5) Hearty food
Bratwursts alone would have made for the perfect foodie break in Munich, but there is so much else on offer too. On our first night we wandered to the Marienplatz area to explore the choice of restaurants, where we found Haxnbauer – a fab choice if you’re looking for some traditional German grub in a traditional German setting. We shared a platter of meats, cheeses and pretzels, which alone could have quite easily filled us up for the night, but when we saw our main meals arrive we suddenly found our appetites again. I vouched for goulash with traditional German Spätzle, while my boyfriend had veal. Both were good but it was fair to say I won in the food-off that night. Trying to emulate my success the next evening – at the equally excellent restaurant choice of Zum Spöckmeier – my boyfriend ordered the goulash. It was good, but I once again trumped him with my choice – pork fillets in a creamy mushroom sauce with cheese Spätzle. We were stuffed, but we did find room again the next day for two bratwursts (each) for lunch – one with sauerkraut, one without. We didn’t love the sauerkraut personally, but if like us you like to try all of the local delicacies, it’s worth giving it a go. I’d also recommend a side of Kartoffelsalat (potato salad), and if you’ve still got room after that, the bruschetta on offer at many of the market stalls is also a must-try.
6) Sweet treats
Munich doesn’t only excel in tummy-warming savoury grub, but also in sweet treats. Wandering around the city centre the sweet smell of waffles, apple strudel and gingerbread fill the air, creating continuous temptation which is hard to resist (we didn’t manage). Our favourite was the apple strudel we (I say we, technically it was my boyfriend’s) had in Zum Spöckmeier, topped off with a yummy lemon custard. If, like me, you prefer chocolate over puds, Munich has plenty of chocolate shops to tickle your tastebuds. Family-run Elly Seidl, located across from the Theatinerstrasse tram stop, is an idyllic little chocolate shop to handpick a selection of pralines, liquers and truffles to treat yourself or your loved ones.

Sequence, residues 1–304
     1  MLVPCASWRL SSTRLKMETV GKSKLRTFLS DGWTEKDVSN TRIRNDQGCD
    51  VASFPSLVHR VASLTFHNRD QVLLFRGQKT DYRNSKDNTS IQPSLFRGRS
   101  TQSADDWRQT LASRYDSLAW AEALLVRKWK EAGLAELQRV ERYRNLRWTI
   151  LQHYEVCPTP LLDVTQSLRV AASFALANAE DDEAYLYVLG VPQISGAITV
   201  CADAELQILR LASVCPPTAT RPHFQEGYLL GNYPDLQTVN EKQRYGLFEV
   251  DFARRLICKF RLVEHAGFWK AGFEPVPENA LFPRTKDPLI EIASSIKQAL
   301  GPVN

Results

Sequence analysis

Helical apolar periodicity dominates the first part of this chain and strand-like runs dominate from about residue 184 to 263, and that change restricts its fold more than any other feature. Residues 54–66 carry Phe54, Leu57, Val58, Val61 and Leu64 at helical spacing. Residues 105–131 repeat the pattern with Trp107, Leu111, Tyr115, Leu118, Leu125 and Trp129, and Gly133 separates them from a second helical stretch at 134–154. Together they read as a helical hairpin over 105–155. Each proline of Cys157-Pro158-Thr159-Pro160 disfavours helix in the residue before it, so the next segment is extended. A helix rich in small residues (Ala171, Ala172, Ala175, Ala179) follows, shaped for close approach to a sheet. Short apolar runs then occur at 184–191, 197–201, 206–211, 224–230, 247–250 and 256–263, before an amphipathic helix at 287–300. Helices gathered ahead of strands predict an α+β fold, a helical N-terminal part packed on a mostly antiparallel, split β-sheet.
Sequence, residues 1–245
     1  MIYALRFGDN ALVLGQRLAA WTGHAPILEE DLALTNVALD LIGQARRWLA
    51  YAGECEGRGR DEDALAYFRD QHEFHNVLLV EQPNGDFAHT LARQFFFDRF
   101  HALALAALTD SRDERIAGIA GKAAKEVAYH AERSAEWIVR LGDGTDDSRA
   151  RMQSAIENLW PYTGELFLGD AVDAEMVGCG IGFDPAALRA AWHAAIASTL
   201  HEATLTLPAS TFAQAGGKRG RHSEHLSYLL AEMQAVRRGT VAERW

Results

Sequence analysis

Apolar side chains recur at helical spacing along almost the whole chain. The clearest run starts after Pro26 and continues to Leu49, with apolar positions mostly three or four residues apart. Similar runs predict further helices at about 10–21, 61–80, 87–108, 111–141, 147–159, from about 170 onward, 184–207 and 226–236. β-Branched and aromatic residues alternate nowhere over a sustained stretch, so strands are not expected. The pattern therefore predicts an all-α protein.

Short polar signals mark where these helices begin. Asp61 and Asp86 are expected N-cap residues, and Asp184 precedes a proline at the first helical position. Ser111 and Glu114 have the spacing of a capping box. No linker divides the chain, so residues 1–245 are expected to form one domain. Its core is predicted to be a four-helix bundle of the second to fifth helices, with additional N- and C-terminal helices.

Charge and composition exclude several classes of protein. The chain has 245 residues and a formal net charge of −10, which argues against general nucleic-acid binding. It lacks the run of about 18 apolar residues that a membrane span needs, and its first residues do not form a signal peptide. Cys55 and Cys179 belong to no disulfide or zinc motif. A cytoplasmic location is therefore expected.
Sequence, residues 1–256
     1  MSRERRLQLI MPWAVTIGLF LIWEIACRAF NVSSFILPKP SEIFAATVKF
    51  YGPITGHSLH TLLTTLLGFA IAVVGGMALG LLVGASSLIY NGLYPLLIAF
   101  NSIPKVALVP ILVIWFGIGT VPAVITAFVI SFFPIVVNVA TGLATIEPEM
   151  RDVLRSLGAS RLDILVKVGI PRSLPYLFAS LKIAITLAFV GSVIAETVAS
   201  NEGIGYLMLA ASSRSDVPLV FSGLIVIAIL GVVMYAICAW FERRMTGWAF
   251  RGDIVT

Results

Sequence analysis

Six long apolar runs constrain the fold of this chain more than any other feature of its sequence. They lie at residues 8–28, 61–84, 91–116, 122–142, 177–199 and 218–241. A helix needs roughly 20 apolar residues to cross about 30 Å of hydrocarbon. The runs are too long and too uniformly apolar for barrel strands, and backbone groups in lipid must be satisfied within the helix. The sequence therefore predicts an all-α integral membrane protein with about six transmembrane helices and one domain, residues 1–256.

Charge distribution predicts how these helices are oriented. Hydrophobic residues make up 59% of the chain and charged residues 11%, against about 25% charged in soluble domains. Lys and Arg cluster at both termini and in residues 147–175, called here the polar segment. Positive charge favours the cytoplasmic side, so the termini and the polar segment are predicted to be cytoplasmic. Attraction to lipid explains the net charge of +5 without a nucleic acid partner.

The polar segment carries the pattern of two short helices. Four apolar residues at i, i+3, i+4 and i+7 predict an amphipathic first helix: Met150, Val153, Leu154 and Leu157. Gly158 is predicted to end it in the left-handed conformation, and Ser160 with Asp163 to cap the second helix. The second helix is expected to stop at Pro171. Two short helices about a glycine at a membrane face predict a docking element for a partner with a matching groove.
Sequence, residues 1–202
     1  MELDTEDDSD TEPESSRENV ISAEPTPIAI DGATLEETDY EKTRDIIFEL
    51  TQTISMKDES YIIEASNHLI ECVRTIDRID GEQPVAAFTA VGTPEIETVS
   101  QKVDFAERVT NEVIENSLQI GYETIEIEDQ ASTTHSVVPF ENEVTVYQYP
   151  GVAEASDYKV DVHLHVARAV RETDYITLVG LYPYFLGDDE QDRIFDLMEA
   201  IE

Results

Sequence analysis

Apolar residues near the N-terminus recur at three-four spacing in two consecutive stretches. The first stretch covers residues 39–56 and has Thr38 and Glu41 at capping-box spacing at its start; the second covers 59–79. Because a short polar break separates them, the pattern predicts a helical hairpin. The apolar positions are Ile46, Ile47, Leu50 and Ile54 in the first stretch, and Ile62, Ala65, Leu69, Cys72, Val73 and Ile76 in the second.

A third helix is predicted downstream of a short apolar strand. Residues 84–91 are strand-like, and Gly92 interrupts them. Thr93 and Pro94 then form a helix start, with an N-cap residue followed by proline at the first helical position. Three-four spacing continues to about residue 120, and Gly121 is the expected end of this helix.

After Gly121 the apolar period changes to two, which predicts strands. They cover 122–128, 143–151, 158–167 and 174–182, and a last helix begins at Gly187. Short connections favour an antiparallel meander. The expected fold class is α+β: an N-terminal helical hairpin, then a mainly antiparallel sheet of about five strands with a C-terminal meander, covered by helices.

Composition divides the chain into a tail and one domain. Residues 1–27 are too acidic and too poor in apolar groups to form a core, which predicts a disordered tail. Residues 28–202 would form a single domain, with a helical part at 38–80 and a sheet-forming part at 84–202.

Ok, when I plan a short break football isn’t exactly top of my agenda, but my boyfriend is a big football fan and when he discovered (totally by chance and not through avid Google searching of course) that there was a game on at the Allianz Arena, he was excited by the prospect of seeing a European football match. ‘Oh Bayern Munich?’ I asked, ‘No, 1860’ he said. If you knew which football team my boyfriend supports, it wouldn’t come as too much of a surprise that he didn’t want to see the Premier League team, but instead the local underdog. But at only 20 euros a ticket to see a European match at a world-renowned stadium, even a football novice like me thought it sounded like a good plan. The stadium was easily accessed by the U-Bahn, and the impressive 75,000 seater arena was quite a change from my boyfriend’s local haunt. Unfortunately the score wasn’t too different from what he was used to, with 1860 losing, but we had a great time regardless. If you’re a footie fan, or you’re travelling with one, it’s definitely worth checking out what’s going on at the Allianz Arena if you’re in Munich during the football season.
After three days of eating, drinking, shopping and forcing my boyfriend to take Instagram selfies, we headed back to the UK feeling festive, and a few pounds heavier (and I’m not talking about our souvenir-packed suitcases).
Have you been to Munich on a Christmas break? Comment below to let us know what you loved most about the city.